Q&A With Jeff Blecher, Agero Senior VP, Strategy.
Agero is working with the AgeLab and the New England University Transportation Center to study the risks and benefits associated with advanced driver assistance systems (ADAS).
Are automakers designing features that assume a driver is paying attention?
Automakers are taking different paths regarding driver attention – some are using eye tracking technologies, some are requiring you to keep your hands on the steering wheel, and others are relying on the driver to mostly self-monitor.
A new green technology developed by AC Kinetics, Inc. can help eliminate as much as 26 million tons of carbon dioxide (CO2) annually while also reducing electricity usage by about 104 billion KwH.
“We have developed several algorithms for electric motor control that reduce energy consumption by 10% to 40%, while simultaneously improving motor performance,” explains Dr. Neil Singer, president of AC Kinetics, Inc. This next generation motor control is compatible with existing AC induction motor drive hardware and is now available for licensing. It will debut at the ARPA-E Energy Innovation Summit in Washington DC, February 25-27.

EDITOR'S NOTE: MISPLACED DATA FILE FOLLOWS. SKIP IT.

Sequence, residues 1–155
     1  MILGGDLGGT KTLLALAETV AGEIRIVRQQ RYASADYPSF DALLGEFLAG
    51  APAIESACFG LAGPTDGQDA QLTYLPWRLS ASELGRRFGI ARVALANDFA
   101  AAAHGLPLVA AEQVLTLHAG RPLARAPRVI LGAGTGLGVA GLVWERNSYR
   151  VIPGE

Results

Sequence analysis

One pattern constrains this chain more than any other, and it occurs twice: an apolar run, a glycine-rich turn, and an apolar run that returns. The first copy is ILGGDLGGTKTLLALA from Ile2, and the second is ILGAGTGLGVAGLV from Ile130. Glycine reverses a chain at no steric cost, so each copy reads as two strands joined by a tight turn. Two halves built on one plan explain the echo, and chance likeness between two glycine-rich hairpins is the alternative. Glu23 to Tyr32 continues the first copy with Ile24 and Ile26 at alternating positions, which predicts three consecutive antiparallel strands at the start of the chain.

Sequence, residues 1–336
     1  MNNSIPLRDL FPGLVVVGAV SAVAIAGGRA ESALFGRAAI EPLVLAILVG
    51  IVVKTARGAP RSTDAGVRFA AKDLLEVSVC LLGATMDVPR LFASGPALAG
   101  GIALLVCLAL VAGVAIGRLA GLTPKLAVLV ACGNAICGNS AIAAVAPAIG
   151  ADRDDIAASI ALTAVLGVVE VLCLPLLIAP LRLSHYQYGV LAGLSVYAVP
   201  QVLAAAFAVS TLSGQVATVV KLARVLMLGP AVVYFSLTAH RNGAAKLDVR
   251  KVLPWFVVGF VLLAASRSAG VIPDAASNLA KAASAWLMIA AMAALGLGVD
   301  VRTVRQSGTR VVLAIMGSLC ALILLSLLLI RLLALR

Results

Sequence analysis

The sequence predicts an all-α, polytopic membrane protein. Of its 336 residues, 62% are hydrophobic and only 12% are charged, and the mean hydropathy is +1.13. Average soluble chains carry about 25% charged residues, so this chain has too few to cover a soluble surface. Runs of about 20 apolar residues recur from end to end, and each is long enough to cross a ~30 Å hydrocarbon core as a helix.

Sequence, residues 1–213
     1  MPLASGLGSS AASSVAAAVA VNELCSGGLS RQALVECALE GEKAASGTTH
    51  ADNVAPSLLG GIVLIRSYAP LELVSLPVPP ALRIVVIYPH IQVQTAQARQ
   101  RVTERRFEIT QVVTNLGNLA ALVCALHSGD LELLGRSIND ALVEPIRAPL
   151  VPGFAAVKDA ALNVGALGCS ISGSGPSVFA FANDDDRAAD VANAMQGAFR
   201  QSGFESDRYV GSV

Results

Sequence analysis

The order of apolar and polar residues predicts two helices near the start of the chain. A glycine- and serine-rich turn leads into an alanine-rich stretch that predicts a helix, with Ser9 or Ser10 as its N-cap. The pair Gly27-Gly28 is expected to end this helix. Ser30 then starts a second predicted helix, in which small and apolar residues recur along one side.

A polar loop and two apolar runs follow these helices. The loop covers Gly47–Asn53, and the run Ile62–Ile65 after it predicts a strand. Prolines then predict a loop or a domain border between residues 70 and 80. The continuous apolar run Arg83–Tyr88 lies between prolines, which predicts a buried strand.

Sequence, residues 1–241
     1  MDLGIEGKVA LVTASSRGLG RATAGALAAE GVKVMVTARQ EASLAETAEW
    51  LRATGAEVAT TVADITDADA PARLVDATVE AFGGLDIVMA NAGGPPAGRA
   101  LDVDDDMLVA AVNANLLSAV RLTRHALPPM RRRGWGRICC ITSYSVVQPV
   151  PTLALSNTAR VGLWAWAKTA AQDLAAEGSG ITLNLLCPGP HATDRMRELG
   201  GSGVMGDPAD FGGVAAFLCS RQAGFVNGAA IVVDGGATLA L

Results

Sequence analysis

Ford President and CEO Alan Mulally will elaborate on the new areas of focus for the lab, plus Ford’s latest technologies including SYNC®, EcoBoost™, MyKey® and inflatable rear safety belts, in his Innovation Power Panel keynote at the 2012 Consumer Electronics Show (CES).
“An open attitude to new ideas is critical to solving the transportation, environmental and societal challenges we expect in the future,” said Paul Mascarenas, Ford chief technical officer and vice president of Research and Innovation. “With increasing pressures from urbanization and the need to reduce energy use, we’re going to see energy storage, wireless connectivity, sensing systems and even autonomous vehicles as key parts of the solution.”
Increasing fuel efficiency with a smartphone–A network of dashboard-mounted phones can collect data on traffic lights and tell drivers how to avoid inefficient stopping and starting.
Written by Larry Hardesty, MIT News Office